I've never been totally sold on the whole idea that an animator is just an actor. While they can be similar, an animator's challenges in creating performance are different from a stage or film actor. Getting an emotional performance from within yourself expressing it with your physical body takes different tasks than expressing it outside yourself on paper, or even worse, through a complex computer interface onto a 3D model.
Action! Acting Lessons for the Animator is basically a survey of various acting techniques and doesn't have any serious animation training.
The actual "animation exercises" is this book are actually rather worthless. They simply involve importing a still or video clip of the acting students and copying their poses with the 3D model; basically just Rotoscoping. There's more to being an animator than just doing what a stage actor does and simply copying it into an animated character.
The first few chapters are basic history and explanation of method acting. It's mostly just traditional theatre warm up, stretching and acting exercises that might not appeal to an animator.
One of the most intriguing ideas in Ed Hooks'Acting for Animators, Revised Edition: A Complete Guide to Performance Animation is that of power centers and how it affects movement. It's not mentioned much in this book and the video examples were shot with the camera turned sideways so the actors walk from the top of the screen to the bottom, making them totally worthless.
Chapter 4 covers Comedia del'Arte with its cast of stock characters who each have a set list of expressions, poses and gestures. It's interesting to see, but not as useful compared to other techniques.
Chapter 5 is on Bioenergetics, the idea that certain personalities have different tensions that affect their movement. It's a little hard to grasp, at least the way they're demonstrating it. The video examples on the disc show people walking like Frankenstein and other over-exaggerations, so it'd take a lot more study to use bioenergetics well in animation.
Chapter 6 is on the acting techniques of Michael Chekhov, which involves coming up with actual gestures to define a character. It's fairly well done, but could've gone further.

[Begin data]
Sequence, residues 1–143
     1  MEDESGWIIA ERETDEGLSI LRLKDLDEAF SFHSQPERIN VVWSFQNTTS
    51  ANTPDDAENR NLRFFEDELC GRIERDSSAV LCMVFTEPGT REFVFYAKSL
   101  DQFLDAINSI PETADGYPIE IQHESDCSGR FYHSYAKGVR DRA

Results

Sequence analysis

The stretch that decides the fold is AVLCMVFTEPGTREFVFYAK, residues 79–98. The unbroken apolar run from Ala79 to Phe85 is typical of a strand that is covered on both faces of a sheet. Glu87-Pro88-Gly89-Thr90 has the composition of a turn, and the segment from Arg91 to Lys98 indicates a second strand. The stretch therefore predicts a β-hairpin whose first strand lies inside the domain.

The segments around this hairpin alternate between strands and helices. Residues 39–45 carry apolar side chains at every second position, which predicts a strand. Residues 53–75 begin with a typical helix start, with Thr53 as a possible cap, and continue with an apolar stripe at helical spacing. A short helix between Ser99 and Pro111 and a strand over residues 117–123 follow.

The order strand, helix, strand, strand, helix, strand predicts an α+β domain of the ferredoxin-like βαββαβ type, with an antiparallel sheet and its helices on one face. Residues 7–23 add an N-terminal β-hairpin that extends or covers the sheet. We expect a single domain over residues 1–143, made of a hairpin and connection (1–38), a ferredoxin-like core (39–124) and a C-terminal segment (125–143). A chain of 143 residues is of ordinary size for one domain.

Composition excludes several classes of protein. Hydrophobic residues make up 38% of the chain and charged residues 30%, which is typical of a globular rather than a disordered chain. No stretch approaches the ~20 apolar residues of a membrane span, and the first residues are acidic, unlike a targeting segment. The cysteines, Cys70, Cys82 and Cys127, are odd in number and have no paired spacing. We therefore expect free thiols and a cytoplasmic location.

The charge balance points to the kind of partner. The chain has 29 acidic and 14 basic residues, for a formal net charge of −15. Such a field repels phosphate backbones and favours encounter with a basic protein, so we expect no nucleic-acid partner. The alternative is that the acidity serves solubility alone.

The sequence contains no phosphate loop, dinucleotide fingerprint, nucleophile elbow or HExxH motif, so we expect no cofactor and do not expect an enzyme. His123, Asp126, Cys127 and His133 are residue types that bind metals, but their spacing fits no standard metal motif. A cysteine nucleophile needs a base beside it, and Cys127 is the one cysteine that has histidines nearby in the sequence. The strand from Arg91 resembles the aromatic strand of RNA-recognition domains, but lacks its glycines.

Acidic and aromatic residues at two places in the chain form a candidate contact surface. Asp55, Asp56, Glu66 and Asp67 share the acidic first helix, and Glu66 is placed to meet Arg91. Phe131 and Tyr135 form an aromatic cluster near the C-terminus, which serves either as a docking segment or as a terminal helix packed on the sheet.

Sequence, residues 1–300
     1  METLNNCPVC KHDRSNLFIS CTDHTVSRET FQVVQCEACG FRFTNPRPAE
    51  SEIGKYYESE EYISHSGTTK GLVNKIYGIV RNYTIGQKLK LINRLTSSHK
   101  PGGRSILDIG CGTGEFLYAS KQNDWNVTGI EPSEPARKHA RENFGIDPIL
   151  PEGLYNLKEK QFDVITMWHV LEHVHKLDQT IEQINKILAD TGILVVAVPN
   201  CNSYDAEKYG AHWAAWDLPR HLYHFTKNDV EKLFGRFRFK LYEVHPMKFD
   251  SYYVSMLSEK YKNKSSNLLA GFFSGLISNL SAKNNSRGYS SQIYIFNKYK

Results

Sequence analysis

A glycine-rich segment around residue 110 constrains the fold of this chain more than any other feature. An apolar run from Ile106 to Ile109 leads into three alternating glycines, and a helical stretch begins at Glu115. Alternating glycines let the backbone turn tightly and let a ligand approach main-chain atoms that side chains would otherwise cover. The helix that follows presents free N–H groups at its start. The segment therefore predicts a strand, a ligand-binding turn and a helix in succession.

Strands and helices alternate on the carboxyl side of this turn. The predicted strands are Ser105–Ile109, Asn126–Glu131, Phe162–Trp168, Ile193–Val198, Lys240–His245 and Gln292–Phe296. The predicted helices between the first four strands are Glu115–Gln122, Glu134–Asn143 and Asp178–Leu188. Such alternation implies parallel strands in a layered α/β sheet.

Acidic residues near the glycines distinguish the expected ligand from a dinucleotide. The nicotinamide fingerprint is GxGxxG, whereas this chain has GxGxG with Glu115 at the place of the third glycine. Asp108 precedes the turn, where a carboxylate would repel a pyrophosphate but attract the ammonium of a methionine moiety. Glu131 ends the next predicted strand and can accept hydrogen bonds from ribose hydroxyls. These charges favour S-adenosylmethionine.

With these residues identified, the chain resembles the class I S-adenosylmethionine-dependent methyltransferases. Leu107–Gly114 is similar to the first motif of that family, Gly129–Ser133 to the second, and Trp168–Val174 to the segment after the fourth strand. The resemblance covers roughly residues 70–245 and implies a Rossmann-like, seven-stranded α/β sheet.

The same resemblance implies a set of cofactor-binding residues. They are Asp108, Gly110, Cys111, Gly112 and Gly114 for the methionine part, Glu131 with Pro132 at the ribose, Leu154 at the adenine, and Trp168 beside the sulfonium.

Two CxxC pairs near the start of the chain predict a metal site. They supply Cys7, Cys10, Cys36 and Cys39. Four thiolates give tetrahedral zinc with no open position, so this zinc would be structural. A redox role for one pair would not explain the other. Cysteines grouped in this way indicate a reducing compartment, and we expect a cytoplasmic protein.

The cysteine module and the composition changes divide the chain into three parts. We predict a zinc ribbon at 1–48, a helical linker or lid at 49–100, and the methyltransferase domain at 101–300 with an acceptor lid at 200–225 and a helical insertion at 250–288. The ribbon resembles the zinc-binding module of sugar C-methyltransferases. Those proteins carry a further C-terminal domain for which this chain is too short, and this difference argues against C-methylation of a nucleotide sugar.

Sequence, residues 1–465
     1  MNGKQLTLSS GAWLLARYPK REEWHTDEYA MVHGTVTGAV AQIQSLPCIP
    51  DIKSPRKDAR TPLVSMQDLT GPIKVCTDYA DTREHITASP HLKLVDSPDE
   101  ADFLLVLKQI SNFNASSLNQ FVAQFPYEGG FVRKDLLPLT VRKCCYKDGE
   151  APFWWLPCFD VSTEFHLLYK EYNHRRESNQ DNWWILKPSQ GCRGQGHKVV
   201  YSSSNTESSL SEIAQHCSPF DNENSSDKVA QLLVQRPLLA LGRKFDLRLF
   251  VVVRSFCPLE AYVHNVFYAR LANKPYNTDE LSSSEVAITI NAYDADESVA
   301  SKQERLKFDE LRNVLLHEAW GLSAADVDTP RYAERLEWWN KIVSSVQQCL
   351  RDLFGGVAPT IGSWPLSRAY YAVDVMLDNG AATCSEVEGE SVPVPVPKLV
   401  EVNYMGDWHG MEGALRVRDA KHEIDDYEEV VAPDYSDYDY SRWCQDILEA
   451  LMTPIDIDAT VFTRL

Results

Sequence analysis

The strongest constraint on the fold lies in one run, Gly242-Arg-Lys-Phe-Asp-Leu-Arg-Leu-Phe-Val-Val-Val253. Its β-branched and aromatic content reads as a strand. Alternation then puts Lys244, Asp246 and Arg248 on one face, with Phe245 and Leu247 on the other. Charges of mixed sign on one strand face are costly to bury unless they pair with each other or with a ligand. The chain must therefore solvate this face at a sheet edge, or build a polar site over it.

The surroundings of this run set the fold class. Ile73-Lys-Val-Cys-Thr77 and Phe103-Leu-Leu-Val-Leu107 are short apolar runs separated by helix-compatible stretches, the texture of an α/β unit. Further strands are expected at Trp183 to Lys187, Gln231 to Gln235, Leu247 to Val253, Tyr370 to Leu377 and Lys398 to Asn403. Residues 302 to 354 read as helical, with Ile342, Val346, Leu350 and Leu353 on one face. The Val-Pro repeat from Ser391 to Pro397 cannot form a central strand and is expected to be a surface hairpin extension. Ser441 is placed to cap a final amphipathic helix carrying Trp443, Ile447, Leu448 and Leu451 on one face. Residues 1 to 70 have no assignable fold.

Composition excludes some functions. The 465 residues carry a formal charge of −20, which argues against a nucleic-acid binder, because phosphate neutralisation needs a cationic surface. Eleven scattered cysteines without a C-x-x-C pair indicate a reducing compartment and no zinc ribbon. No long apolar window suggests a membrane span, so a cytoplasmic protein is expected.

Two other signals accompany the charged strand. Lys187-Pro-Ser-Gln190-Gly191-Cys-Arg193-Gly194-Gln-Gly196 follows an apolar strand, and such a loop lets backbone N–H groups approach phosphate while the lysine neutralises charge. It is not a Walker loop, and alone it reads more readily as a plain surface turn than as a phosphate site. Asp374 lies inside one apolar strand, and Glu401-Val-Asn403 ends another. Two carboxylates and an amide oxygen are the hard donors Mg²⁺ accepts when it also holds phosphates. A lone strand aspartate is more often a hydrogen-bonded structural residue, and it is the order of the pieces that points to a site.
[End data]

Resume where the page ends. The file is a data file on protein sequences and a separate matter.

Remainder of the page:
What might've helped would be depicting and pushing these poses and actions in drawn gestures before translating them onto the 3D character. But that also seems against the scope of a computer-specific publisher like Sybex.
Chapter 7 is on essences; incorporating qualities of animals, objects, etc... into a character. This is incredibly well-suited for animation and is already done all the time, especially with non-human characters. This chapter just expands on it some.
Chapter 8 is a pretty good summary of Laban Effort Analysis, which defines measurable qualities of motion. This is a good thing to pay attention to, if just so you can consciously make characters move differently from one another.
Chapter 9 is on Alba emoting technique, which uses posture and breathing to help summon emotions in an actor. Since it's basically about triggering emotional responses within yourself, I don't think it's as useful in animation as the authors think it is. This looks to be a very powerful technique in a real, living actor, but since an animated character can't be biologically affected be its breathing, all you're left with is basic pose or facial expression to depict an emotion. Plus once you move past the 6 basic emotions the technique focuses on, it's all a lot of guesswork anyway.
The last two chapters are on voice acting and lip sync/facial acting. It has some interesting points, but still sticks to simply copying the actor reference.
All in all, this book does have useful ideas worth thinking about, but you're going to have to do a lot of work to incorporate it into actual animation work. So I suggest buying it, just not for full price.